Fate of mRNA following disaggregation of brain polysomes after administration of (+)-lysergic acid diethylamide in vivo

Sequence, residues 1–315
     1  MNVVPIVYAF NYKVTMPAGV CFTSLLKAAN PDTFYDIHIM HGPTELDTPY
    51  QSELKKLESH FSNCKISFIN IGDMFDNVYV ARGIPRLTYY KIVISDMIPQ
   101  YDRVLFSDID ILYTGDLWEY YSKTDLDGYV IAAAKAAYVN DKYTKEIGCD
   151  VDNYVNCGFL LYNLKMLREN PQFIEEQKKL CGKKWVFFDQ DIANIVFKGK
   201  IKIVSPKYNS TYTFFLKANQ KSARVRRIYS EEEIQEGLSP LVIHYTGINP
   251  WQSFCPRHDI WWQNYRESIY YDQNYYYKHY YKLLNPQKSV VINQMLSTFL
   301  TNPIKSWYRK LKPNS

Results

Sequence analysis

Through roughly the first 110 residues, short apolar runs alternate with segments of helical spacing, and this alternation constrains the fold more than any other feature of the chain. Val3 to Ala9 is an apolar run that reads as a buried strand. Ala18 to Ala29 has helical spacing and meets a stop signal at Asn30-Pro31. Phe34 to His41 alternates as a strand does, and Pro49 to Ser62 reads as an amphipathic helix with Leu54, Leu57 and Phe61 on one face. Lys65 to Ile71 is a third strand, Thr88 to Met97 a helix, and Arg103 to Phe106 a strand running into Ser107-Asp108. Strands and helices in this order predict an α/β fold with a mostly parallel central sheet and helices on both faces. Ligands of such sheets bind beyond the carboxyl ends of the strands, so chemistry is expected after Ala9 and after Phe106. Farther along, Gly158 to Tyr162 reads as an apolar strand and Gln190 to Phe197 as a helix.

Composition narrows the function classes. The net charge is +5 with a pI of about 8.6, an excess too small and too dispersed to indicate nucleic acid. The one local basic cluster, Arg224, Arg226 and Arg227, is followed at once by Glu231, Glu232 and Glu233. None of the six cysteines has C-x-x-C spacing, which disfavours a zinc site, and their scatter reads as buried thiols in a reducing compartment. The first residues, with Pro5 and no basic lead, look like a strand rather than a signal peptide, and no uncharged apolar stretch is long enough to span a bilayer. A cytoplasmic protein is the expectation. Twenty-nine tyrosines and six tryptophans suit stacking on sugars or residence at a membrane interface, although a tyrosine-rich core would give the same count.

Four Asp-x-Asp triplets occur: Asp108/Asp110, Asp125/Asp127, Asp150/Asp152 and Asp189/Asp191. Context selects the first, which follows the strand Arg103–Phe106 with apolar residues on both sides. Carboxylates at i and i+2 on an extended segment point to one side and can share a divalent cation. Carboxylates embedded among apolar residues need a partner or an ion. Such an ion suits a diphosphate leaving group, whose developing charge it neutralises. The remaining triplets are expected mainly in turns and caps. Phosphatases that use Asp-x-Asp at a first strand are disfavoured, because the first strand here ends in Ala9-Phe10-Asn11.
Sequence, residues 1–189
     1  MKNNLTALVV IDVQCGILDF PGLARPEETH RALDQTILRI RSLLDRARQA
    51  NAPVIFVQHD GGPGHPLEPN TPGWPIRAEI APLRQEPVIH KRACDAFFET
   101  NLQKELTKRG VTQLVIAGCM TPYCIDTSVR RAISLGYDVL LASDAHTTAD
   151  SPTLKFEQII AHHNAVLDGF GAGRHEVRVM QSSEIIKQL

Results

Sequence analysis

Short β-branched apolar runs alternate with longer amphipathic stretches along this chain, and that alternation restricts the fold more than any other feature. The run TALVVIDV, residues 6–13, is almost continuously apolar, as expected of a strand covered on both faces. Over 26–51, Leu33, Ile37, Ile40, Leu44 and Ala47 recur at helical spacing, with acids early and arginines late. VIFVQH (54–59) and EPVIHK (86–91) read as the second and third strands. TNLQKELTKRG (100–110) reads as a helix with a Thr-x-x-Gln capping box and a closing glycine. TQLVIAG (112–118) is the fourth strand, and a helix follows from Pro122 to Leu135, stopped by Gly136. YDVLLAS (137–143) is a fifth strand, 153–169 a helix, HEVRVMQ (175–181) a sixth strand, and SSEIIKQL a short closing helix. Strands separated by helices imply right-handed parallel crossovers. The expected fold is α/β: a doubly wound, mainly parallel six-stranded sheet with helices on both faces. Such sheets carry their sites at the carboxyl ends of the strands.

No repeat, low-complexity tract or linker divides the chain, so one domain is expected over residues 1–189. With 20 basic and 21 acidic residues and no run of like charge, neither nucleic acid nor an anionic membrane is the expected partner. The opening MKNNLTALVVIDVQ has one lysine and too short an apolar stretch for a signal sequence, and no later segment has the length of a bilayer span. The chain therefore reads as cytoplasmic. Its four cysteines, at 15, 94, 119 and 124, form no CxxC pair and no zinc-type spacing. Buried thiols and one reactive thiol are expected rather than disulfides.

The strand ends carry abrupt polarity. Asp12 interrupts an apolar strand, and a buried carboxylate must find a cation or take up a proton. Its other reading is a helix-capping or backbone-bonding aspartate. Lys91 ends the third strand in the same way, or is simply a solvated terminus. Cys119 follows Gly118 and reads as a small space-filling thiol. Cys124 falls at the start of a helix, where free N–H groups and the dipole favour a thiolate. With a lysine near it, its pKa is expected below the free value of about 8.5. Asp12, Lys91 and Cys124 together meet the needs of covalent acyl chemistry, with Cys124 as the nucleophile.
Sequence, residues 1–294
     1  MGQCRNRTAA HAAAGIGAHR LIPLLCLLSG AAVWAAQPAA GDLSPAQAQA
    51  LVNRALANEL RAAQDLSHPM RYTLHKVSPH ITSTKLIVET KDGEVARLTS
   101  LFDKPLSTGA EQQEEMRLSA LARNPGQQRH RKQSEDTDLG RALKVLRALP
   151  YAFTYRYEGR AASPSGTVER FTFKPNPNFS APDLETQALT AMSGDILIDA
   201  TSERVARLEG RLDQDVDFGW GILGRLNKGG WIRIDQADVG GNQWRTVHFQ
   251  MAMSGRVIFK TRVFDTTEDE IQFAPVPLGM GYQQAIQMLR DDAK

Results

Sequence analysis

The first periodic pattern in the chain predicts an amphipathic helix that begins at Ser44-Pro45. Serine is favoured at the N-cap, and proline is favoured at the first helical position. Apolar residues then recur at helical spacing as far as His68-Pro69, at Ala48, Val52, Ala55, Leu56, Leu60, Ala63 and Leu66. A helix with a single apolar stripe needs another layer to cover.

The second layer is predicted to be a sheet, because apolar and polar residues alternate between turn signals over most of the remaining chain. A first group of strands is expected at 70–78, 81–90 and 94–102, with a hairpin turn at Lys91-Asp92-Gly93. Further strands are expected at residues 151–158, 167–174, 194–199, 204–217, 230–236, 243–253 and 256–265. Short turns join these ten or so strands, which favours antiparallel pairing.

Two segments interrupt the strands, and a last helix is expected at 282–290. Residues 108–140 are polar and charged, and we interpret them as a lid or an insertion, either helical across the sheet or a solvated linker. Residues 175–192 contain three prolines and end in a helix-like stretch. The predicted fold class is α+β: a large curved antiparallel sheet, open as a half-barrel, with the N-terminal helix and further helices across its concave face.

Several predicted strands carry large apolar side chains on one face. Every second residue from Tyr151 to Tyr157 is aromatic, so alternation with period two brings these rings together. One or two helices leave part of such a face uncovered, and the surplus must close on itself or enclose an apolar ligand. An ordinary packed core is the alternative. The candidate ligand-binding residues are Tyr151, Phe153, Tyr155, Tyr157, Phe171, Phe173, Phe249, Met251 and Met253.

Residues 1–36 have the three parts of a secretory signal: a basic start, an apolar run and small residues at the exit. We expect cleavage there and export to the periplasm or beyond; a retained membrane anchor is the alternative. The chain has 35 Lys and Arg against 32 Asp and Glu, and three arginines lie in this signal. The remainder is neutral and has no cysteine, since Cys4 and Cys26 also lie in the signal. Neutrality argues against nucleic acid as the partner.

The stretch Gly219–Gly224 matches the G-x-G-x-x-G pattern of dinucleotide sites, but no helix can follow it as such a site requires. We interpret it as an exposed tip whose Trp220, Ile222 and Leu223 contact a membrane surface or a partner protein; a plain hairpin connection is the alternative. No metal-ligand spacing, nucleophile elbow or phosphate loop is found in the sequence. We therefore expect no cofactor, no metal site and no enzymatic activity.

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Intravenous injection of (+)-lysergic acid diethylamide into young rabbits induced a transient brain-specific disaggregation of polysomes to monosomes. Investigation of the fate of mRNA revealed that brain poly(A+)mRNA was conserved. In particular, mRNA coding for brain-specific S100 protein was not degraded, nor was it released into free ribonucleoprotein particles. Following the (+)-lysergic acid diethylamide-induced disaggregation of polysomes, mRNA shifted from polysomes and accumulated on monosomes. Formation of a blocked monosome complex, which contained intact mRNA and 40-S plus 60-S ribosomal subunits but lacked nascent peptide chains, suggested that (+)-lysergic acid diethylamide inhibited brain protein synthesis at a specific stage of late initiation or early elongation.
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